Achievements and Announcements




UniSA appears in global responsible business education showcase

One of the world’s leading news organisations, the Financial Times, has cited two studies that UniSA contributed to, in its Top 100 Business School Research with Social Impact list.

The studies were highlighted in a special report on responsible business education published in February. Executive Dean of Business, Professor Andrew Beer, contributed to Is Housing a Health Insult while Shaping and Being Shaped: How Organisational Structure and Managerial Discretion Co-evolve in New Managerial Roles was written by Dr Sukhbir Sandhu and Professor Carol Kulik.

The report was based on a survey by the Financial Times designed to establish the business institutions around the world conducting research that has a positive impact on society. According the article, the results revealed “a rich and varied range of research by faculty on topics with strong social value”.

The survey asked business schools to select up to five papers by their academics, published in the past five years, that they considered to have social impact. It then used Altmetric – an alternative metrics and qualitive data source which showcases the attention and influence of research beyond traditional, citation-based metrics – to determine which studies had online significance in the wider world, not just in academia.


New blog from the Vice Chancellor

UniSA Vice Chancellor Professor David Lloyd has published a new blog about the University’s plans in response to the impact of the COVID-19 pandemic.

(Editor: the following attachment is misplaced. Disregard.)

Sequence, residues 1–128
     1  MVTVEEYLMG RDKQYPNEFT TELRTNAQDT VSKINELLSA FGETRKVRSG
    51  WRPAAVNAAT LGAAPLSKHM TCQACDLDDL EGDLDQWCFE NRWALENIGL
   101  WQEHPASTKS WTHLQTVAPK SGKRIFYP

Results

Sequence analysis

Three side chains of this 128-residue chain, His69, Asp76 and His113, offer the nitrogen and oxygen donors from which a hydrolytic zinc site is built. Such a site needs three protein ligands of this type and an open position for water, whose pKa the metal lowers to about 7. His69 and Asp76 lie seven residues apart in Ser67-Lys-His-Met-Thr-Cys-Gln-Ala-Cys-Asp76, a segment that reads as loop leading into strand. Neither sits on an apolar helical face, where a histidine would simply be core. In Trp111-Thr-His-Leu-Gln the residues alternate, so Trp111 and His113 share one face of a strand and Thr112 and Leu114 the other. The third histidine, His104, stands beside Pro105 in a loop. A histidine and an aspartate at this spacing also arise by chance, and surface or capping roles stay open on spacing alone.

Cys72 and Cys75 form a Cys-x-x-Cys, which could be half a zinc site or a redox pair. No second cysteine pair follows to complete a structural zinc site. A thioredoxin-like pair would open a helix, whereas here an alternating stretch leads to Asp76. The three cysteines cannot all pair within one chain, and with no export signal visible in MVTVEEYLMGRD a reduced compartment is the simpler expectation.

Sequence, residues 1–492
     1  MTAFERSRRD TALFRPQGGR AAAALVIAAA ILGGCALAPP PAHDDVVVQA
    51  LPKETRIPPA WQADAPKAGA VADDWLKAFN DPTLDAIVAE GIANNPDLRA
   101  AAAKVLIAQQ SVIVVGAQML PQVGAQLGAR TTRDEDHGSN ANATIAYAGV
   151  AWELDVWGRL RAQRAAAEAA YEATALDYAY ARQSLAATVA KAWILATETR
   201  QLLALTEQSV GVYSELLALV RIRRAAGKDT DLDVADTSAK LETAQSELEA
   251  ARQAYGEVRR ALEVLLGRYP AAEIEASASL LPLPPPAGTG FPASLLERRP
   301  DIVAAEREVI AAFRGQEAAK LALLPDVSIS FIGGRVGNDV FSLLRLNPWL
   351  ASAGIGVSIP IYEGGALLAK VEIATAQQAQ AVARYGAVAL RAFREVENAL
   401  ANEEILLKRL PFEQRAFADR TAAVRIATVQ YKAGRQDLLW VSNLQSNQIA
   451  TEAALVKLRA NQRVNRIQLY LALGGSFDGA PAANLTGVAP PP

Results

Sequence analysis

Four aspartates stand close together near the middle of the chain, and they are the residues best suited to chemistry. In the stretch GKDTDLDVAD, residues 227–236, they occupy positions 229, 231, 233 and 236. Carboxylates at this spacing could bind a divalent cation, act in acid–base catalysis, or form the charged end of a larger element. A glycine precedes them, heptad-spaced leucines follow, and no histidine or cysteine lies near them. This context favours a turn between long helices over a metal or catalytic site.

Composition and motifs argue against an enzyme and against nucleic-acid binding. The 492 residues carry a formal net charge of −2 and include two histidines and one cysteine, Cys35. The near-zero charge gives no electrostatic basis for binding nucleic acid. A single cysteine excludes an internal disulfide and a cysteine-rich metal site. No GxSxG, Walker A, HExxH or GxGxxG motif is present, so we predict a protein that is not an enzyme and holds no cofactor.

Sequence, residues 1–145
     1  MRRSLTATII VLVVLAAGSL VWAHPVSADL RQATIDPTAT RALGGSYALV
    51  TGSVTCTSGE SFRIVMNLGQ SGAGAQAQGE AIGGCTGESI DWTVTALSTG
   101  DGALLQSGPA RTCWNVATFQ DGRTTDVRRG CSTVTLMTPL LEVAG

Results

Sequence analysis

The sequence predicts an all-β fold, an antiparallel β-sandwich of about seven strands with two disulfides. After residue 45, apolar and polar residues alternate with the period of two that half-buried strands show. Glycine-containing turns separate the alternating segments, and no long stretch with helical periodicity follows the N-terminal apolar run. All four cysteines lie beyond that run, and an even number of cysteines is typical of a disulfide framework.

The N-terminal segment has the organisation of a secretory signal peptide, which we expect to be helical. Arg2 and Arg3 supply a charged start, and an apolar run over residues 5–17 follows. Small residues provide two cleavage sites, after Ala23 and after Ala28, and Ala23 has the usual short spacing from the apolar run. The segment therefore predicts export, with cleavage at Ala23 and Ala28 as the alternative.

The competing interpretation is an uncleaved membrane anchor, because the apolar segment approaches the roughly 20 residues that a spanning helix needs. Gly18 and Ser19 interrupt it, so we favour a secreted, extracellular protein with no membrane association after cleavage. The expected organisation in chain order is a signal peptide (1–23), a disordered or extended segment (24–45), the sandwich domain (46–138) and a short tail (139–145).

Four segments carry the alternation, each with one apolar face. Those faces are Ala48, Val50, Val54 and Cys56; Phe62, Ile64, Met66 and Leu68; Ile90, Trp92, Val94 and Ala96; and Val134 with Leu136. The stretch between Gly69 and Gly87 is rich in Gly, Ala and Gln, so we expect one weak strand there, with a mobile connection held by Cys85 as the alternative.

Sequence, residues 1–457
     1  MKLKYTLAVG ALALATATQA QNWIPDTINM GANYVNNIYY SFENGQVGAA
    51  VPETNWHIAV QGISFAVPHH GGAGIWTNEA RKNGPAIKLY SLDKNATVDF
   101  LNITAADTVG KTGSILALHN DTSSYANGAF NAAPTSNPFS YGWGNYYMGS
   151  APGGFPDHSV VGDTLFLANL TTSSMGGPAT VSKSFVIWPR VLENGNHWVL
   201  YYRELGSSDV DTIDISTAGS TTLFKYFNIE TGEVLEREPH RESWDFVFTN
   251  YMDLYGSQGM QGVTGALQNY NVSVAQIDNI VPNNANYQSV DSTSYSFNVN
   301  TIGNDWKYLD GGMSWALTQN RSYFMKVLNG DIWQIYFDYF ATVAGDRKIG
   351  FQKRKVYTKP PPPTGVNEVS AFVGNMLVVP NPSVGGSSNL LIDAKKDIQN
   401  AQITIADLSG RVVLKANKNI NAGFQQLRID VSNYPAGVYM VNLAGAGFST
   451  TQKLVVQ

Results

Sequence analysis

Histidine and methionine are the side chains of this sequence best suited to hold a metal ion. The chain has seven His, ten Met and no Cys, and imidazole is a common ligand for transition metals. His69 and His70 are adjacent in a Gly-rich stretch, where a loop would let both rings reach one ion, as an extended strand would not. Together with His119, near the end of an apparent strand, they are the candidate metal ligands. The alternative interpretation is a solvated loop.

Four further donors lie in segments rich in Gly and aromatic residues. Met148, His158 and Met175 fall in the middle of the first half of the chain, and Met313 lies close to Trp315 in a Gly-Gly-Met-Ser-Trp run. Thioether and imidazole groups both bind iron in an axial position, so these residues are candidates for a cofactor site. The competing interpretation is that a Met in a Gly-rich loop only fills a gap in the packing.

The piece, So what are we going to do about it?, is available on The Big Picture blog.

UniSA News published more frequently to help keep you connected

With the majority of students, staff and many members of the wider University community now working remotely / from home, we are increasing the frequency of UniSA News to help keep you connected.

UniSA News will now be published twice a month.

We will publish the stories you have come to expect, many highlighting UniSA’s latest research and key announcements, as well as content aimed at helping people adapt to the changes in the world resulting from the current pandemic. 

The Vice Chancellor’s column will continue to appear monthly, as previously, so will feature in every second edition. However, the Vice Chancellor has recently published a new blog, So what are we going to do about it?,  about the University's plans as a result of the impact of the COVID-19 pandemic.

If you have any feedback about UniSA News or suggestions for stories to include please email

$10k on offer to boost innovation in regional South Australia

Entrepreneur in Residence Terry Gold working with a startup at the regional ICC.Entrepreneur in Residence Terry Gold working with a startup at the regional ICC.

The regional Innovation & Collaboration Centre (ICC) at UniSA’s Whyalla campus has opened applications for its Venture Catalyst program, that includes a $10,000 equity-free stipend to help people get a new business concept off the ground.

The six-month program, which includes one-on-one mentoring, events and networking opportunities, and access to UniSA’s research, networks and resources, is for anyone who has an innovative idea and wants to explore if that idea might make a profitable startup business.